Three Steps to Becoming More Successful (Post #1)

Have you ever felt frustrated, unable to achieve the success you want?

Almost everyone has.

Today, I am going to show you why that happens… and what you can do to turn things around… using only your ordinary skills.

Conceptually, achieving anything involves three steps.

  1. Deciding what you want to achieve.
  2. “If you don’t know where you are going, you’ll probably end up somewhere else.” -Lewis Carroll

  3. Putting a high enough priority on it to get you to take action and to keep doing so until you achieve it.
  4. “Action expresses priorities.” - Mahatma Gandhi

  5. Resolving any roadblocks in the way, roadblocks that would otherwise stop you.
  6. “If you’re trying to achieve, there will be roadblocks. I’ve had them; everybody has had them. But obstacles don’t have to stop you. If you run into a wall, don’t turn around and give up. Figure out how to climb it, go through it, or work around it.”
    - Michael Jordan

Just reflect on anything you have achieved in your life and check this three-step process out.

Let’s take a very simple example. I like to cook dinner for company so here are the three steps involved in achieving a rousing successes in that area.

  1. After asking my guests what they like that’s in my repertoire, I decide on the menu.
  2. Imagining the look of disappointment on their faces if they show up and I haven’t got things ready gives me enough of a shove to get me out of my chair and into the kitchen.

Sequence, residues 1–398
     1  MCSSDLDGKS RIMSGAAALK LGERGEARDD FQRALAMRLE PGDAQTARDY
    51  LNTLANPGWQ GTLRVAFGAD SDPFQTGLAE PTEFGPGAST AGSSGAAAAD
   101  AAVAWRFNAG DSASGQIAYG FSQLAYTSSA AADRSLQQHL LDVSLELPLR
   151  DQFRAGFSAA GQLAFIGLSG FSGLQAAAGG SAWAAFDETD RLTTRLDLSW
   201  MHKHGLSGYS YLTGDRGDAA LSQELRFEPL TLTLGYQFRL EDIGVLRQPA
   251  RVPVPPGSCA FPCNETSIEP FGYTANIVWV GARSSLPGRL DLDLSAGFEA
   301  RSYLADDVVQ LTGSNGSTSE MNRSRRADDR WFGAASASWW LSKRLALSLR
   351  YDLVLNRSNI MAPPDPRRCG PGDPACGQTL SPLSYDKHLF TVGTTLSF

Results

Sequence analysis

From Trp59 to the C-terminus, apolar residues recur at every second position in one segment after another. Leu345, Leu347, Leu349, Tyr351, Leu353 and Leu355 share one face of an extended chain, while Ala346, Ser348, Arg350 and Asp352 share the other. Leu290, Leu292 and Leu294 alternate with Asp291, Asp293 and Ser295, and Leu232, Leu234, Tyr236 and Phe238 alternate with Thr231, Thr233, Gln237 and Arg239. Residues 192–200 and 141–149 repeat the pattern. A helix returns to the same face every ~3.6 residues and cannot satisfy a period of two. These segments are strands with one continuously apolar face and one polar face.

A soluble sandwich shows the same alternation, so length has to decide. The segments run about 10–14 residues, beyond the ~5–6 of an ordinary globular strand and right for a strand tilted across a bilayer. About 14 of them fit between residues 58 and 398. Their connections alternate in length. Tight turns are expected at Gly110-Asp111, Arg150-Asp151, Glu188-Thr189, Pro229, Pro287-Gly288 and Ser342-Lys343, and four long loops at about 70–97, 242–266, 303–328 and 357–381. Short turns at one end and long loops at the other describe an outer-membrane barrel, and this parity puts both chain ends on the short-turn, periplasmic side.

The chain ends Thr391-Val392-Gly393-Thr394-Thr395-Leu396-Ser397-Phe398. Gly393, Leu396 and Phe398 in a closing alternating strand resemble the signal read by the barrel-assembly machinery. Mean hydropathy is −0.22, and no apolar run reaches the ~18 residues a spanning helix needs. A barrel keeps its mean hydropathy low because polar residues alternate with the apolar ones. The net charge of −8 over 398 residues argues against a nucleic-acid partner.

3. I know that if I’m missing ingredients, I either won’t get started or I’ll have problems in the midst of cooking. So I check to ensure I have everything on hand, doing so in enough time that my wife can pick up anything missing on her way home.

I know that if I don’t give myself enough time, things will get unpleasantly hectic and I may burn myself in the process of rushing around so I work out a timeline, adding 10 minutes “slack time” and set my iPhone to remind me 5 minutes before the start.

So far, when following that procedure, I have a 100% success rate in achieving rousing dinner guest successes with lots of very positive feedback.

I hope you get the point.

Let’s check that out. If you get involved by actually doing what I describe, the rest of what I have to say will be a lot more meaningful for you.

So right now, print this entire document. Then take up a pen or pencil and record your own three steps that you have followed in achieving something that you consider pretty ordinary – such as driving from your home to a destination you have chosen.

To make it easier, you’ll find a simple form below, designed to guide you through the process.

Please pause right now and do this task. It’s for your benefit. Please don’t read on until you have done so.

Success Form 1

  1. What did you decide to achieve? Write 2 or 3 sentences describing that.
  2.  

  3. In what way did you prioritize this?
  4.  

  5. What were the potential roadblocks and how did you resolve them? Write 1 sentence describing each roadblock and 1 or 2 describing how